Barry “Three Strikes” Miller Drags Negotiations Past 3AM for One Dollar



In the wee hours of January 10, the Unit 4 bargaining team reached a tentative deal for their first collective agreement. Unit 4, a unit that represents part-time librarians and archivists, certified in January 2015 and began bargaining in November 2015. Details of the tentative agreement are forthcoming, and, as always, there is no deal unless the membership of Unit 4 votes to ratify it.

The Unit 4 bargaining team showed a truly impressive level of patience in the face of York’s intransigence. In the course of last night’s negotiations, on wages alone, Unit 4 moved by $8.06/h, while the employer’s total moves amount to $1.31/h. This shows not only how far apart the parties were, but also which side was most willing to truly negotiate to reach a settlement.

Aside from wages, the two largest remaining issues were the extension of health benefits to cover temporary gaps in a member’s contract and the duration of the agreement — the union wanted a two year contract, while the employer insisted on three years. We moved on the duration with the understanding that giving York something they wanted so much would cause them to be more reasonable on wages. These expectations of fair exchange was shattered when Barry “Three Strikes” Miller, Executive Director well-known for forcing the other three units of CUPE 3903 out on strike three times through his intransigence, replied by saying that they wouldn’t discuss wages unless the union side went down further first.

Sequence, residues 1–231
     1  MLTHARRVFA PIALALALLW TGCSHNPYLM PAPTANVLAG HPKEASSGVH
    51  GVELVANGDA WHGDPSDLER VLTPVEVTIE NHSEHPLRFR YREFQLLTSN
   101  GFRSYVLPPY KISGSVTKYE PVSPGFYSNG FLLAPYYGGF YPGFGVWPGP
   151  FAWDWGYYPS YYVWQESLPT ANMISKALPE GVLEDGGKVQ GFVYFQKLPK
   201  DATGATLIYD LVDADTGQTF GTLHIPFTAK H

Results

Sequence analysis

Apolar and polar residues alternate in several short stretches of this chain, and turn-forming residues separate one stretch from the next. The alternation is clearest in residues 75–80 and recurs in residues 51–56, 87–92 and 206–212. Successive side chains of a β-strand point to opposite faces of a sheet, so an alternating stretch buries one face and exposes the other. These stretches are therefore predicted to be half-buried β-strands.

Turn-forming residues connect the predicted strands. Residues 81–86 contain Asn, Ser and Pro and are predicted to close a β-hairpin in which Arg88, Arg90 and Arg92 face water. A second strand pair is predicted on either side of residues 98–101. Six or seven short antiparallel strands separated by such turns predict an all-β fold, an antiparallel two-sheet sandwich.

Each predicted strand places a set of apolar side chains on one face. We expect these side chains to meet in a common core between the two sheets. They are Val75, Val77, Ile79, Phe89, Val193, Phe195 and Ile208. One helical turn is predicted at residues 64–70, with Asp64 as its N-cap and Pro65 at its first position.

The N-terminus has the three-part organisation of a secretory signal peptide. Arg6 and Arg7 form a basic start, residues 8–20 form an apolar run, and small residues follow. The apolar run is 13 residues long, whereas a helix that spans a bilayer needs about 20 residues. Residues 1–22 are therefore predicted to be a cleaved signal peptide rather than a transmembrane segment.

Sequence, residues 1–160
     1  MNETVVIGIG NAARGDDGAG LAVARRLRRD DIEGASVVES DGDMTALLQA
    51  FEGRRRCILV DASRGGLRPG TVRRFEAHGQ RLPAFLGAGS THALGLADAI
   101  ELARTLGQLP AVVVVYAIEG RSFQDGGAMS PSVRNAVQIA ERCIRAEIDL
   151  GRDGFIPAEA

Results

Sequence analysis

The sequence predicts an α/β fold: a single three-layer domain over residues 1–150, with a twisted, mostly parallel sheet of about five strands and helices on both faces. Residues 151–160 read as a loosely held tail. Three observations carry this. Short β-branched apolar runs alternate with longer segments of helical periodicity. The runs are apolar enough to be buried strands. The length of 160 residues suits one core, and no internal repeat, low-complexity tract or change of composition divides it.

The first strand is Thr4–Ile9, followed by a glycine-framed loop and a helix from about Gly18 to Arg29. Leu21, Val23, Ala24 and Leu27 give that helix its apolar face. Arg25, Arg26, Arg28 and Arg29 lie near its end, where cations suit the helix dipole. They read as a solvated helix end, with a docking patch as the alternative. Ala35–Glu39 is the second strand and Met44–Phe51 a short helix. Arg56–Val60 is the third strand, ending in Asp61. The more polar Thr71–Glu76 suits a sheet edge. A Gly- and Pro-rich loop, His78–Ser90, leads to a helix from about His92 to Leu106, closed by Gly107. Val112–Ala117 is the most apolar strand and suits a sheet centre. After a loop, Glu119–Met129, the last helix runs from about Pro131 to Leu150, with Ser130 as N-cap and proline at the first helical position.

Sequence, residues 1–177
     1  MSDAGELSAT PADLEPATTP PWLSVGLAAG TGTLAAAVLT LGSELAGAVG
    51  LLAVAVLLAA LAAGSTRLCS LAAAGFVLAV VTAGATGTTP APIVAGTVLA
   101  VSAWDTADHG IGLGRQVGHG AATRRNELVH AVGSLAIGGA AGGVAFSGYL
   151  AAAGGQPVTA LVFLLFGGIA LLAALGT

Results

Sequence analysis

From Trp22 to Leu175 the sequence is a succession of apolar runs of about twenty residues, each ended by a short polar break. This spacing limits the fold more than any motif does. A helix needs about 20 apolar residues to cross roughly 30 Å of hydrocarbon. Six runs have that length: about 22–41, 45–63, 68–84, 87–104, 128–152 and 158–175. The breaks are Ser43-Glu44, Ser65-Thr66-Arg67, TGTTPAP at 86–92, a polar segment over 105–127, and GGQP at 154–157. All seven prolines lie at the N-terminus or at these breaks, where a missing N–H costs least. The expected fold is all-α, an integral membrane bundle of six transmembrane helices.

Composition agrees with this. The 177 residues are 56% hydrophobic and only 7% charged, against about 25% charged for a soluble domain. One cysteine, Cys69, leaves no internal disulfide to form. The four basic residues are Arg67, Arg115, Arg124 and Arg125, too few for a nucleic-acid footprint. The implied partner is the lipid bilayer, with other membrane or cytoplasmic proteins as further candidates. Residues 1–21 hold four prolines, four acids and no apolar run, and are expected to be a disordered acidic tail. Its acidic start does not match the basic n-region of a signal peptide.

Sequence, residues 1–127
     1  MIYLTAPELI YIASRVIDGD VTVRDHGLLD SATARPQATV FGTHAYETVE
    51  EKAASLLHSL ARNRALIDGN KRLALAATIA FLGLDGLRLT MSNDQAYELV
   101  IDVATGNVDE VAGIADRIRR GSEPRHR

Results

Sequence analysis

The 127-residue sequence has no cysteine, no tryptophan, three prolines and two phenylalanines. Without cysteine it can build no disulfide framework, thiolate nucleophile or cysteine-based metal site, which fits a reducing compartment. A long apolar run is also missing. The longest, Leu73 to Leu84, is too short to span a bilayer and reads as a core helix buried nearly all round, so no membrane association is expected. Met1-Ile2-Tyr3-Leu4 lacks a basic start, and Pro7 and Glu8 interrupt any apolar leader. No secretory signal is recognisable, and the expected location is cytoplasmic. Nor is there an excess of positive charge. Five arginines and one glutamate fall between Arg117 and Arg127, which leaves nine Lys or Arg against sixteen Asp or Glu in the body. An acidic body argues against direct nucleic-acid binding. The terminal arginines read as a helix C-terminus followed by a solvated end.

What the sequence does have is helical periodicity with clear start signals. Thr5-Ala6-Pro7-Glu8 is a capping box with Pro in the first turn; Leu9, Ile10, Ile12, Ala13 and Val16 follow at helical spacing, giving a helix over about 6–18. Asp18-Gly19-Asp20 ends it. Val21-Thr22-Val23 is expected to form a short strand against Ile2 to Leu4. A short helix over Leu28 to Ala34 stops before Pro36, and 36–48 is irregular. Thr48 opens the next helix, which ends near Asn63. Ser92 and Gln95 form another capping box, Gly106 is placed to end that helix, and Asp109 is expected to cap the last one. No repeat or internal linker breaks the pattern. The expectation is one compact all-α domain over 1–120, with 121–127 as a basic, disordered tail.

In the last three hours of bargaining, the difference in wages which was inched at slowly amounted to one dollar. Barry Miller insisted on haggling at pennies into the early hours of the morning, while paying the university’s lawyer exorbitant amounts. Bargaining has been going on for sixteen months. The total cost of a fair agreement for the 20 people in Unit 4 could easily have been covered by the legal fees expended to prevent them from being treated with the dignity and respect their profession warrants. Meanwhile, administrators like Barry Miller make excessive salaries of their own.

A tentative deal may have been reached, but this is a time to shame York for everything it took to get here: the time, energy, and amazing patience of the bargaining team; and the sacrifices made despite the fact that Unit 4 deserves so much more respect from the administration. There is nothing fair about putting the price of a first agreement so high.